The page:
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Laferrière Questionnaire

Helen Humphreys takes the Laferrière Questionnaire

The acclaimed author of Afterimage and Coventry submits to our very own 20 questions, courtesy of Canadian author Dany Laferrière.

About the Laferrière Questionnaire: We asked writer Dany Laferrière to reinterpret the Proust Questionnaire for the 21st century. He put together 20 questions that shine a light on who we really are, both as writers and as individuals.


1. If you were Alice, would you rather stay in Wonderland on the other side of the mirror, or come back to the real world to tell your story?
I would definitely come back to the real world. I always thought Alice's world was a little alarming.

2. If your home were on fire, what prized keepsake would you grab on your way out?
My dog. And if I didn't have to actually carry her out, then I'd grab the little bronze sparrow that I bought in Paris when I was there researching my latest novel. My brother came with me on that trip and the sparrow sat on the small table between our beds in the hotel room. A year after that trip my brother was dead.

3. What childhood fear do you still have as an adult?
I don't think I have any of the same fears. I have different, more scary ones now.

4. Would it be okay to have a miserable childhood if that were a prerequisite for becoming a writer?
I don't agree with the equation of suffering and art. I think that artists generally do better work when they're happy. I know that I do.

5. Do you wake up at night to read or write?
Mostly I wake up at night to fret, but sometimes I'll read, and sometimes too I'll write something down.

6. Do you feel anxious or excited when you start to write?
Both, and this mix of feelings carries all the way through the writing process, from beginning to end.

7. Does darkness soothe you or frighten you?
I like the dark. It's often a relief.

8. Do you tend to hang on to a thousand little scraps of paper, or do you regularly clean out your drawers?
I don't use scraps of paper as a rule. I use notebooks instead, so there's usually no need to have a big clearout as I'm fairly organized to begin with.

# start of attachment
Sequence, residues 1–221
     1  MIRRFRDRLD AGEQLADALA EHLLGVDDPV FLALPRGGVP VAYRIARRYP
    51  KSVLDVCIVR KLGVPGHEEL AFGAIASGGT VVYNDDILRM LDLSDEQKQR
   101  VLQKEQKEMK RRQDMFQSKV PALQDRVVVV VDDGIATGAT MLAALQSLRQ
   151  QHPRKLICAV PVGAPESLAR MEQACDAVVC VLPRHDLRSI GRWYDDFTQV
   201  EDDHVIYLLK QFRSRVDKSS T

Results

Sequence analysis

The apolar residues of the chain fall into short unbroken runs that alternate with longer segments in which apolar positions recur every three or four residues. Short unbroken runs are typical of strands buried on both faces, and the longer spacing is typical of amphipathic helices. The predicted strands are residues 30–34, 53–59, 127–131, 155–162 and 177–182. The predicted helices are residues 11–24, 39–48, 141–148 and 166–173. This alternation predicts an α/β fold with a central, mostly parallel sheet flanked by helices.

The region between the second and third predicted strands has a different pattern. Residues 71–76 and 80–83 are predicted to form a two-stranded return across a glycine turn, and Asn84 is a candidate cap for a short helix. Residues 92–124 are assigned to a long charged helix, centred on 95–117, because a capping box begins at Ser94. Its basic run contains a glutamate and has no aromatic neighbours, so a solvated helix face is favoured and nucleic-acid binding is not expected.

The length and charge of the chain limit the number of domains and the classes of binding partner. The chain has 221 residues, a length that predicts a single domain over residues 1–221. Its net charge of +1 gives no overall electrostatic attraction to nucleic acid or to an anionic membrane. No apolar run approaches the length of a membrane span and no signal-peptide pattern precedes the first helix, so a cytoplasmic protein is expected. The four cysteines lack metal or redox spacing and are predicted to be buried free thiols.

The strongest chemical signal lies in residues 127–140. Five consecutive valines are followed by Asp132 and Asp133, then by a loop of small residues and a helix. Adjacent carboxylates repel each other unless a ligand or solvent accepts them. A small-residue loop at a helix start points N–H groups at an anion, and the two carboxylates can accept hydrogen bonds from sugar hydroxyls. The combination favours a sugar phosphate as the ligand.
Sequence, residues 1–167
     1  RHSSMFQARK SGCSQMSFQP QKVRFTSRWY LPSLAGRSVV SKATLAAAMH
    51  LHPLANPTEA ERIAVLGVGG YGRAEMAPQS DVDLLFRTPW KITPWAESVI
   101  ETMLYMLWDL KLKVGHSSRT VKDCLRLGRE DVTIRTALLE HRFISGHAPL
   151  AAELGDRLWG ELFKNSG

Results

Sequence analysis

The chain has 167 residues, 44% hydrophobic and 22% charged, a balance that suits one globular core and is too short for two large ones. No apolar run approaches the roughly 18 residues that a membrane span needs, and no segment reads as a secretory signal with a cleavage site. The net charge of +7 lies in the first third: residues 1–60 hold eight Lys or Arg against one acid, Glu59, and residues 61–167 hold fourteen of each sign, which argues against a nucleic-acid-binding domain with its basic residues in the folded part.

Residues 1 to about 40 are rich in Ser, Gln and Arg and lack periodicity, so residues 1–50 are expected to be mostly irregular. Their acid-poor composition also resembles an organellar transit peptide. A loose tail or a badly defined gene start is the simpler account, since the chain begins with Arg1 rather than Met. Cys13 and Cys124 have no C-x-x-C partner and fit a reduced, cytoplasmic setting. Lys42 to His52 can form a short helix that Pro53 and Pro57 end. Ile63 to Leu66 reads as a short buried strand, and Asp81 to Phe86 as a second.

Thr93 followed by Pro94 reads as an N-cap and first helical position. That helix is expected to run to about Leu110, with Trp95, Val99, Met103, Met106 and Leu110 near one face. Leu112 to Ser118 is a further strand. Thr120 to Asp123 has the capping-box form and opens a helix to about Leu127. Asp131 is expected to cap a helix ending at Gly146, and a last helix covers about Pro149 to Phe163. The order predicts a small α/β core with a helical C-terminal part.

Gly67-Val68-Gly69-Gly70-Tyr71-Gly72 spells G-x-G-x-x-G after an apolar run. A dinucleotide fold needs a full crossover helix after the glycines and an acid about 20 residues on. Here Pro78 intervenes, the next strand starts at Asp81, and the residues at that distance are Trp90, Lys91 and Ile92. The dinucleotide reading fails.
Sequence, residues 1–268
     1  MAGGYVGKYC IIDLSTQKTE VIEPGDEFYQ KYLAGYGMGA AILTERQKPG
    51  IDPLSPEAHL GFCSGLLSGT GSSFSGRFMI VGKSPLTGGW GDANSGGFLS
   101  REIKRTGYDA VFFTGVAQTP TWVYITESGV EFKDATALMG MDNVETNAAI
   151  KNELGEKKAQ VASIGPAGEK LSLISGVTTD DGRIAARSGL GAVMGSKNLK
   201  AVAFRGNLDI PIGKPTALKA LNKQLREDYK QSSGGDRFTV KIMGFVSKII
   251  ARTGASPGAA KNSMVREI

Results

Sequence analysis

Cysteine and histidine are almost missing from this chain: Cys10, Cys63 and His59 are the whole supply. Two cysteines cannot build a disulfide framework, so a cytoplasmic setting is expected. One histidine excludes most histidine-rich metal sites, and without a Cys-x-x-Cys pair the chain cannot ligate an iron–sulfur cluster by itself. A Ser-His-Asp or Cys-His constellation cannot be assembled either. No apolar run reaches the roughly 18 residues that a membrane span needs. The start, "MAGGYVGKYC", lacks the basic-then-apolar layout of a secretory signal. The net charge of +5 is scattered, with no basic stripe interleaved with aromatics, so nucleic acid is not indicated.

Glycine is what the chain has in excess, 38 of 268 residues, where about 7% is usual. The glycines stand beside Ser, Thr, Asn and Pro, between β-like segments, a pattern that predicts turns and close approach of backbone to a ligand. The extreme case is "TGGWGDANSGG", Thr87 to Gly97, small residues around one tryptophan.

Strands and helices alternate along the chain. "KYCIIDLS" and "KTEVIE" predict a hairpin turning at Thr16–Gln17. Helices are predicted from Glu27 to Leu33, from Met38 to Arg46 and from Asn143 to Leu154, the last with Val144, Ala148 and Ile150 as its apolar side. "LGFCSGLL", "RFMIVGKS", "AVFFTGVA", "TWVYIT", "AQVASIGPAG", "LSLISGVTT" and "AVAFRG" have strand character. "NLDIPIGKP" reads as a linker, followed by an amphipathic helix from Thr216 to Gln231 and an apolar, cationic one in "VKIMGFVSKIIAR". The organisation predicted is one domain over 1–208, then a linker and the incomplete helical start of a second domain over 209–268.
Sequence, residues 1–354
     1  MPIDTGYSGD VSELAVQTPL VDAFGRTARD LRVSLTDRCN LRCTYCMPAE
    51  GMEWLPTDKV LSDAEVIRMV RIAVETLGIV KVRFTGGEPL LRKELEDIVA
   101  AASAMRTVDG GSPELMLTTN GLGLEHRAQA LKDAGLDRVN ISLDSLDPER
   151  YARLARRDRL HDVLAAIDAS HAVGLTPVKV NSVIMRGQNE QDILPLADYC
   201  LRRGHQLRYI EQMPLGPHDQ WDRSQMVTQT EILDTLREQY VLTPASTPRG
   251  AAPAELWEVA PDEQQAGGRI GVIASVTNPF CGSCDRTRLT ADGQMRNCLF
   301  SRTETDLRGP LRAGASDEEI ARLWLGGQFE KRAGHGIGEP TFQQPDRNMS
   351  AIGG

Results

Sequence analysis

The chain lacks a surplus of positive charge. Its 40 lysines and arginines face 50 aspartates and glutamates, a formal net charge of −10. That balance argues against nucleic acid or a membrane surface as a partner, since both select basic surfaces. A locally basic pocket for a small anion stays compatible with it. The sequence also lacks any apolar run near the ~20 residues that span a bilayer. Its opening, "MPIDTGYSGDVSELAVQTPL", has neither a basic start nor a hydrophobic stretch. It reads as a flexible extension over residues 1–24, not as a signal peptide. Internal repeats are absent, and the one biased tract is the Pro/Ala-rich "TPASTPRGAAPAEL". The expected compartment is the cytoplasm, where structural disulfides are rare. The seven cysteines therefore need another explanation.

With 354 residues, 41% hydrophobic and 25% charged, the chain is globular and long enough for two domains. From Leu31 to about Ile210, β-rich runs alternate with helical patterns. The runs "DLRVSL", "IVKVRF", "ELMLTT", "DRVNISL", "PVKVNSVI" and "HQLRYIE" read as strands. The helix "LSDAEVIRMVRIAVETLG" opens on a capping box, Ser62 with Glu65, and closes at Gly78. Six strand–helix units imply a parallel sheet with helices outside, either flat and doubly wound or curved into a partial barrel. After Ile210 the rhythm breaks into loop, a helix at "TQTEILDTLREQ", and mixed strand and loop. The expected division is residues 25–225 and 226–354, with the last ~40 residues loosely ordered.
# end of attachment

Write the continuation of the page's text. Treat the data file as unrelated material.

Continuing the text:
9. Which animal would you rather be: a cat or a dog?
I was partially raised by dogs, so...

10. Does love dry up your creative juices or make them flow faster?
Faster. Love is a great muse, and it doesn't seem to matter whether it's happy love or heartbreak, although happy love is a lot easier to bear.

11. Do you remember your dreams?
I do. Often they're unremarkable, but sometimes I will dream about people who have died, or who I haven't seen for a while, and I hate to wake up from those dreams.

12. What's your favourite colour?
Green. All the greens found in the natural world.

13. What's your favourite season?
Summer, but the end of summer, that hinge between summer and fall, when you can feel the cooler weather coming on, but the days still have some heat in them.

14. Does pressure motivate you?
No, it just panics me. I'm pretty self-motivated, so I don't really need pressure to produce.

15. Would you rather live to write or write to live?
I've been a writer for so long now that it's hard to separate writing from living. They're fairly enmeshed.

16. What published book do you secretly wish you had written?
Invisible Cities by Italo Calvino.

17. Are you the paranoid type or calm, cool and collected?
I'm pretty calm usually.

18. What would qualify as the afternoon of your dreams?
I've had a hard couple of years so, at this point in time, I'd be happy with an afternoon where nothing was going wrong.

19. Are you more like the sun or the moon?
The sun, although I'm more affected by the moon.

20. Do you hear voices?
No. And I'd be freaked out if I did. It's bad enough sometimes just having my own thoughts in my head.

Helen Humphreys is an award-winning author of five novels. Her last novel, Coventry, was a finalist for the Trillium Book Award, a New York Times Editors' Choice and a Globe and Mail Best Book of the Year. The Lost Garden was a Canada Reads selection. Afterimage won the Rogers Writers' Trust Fiction Prize; Leaving Earth received the Toronto Book Award; and The Frozen Thames was a #1 bestseller. In 2009, Humphreys was awarded the Harbourfront Festival Prize for literary excellence.

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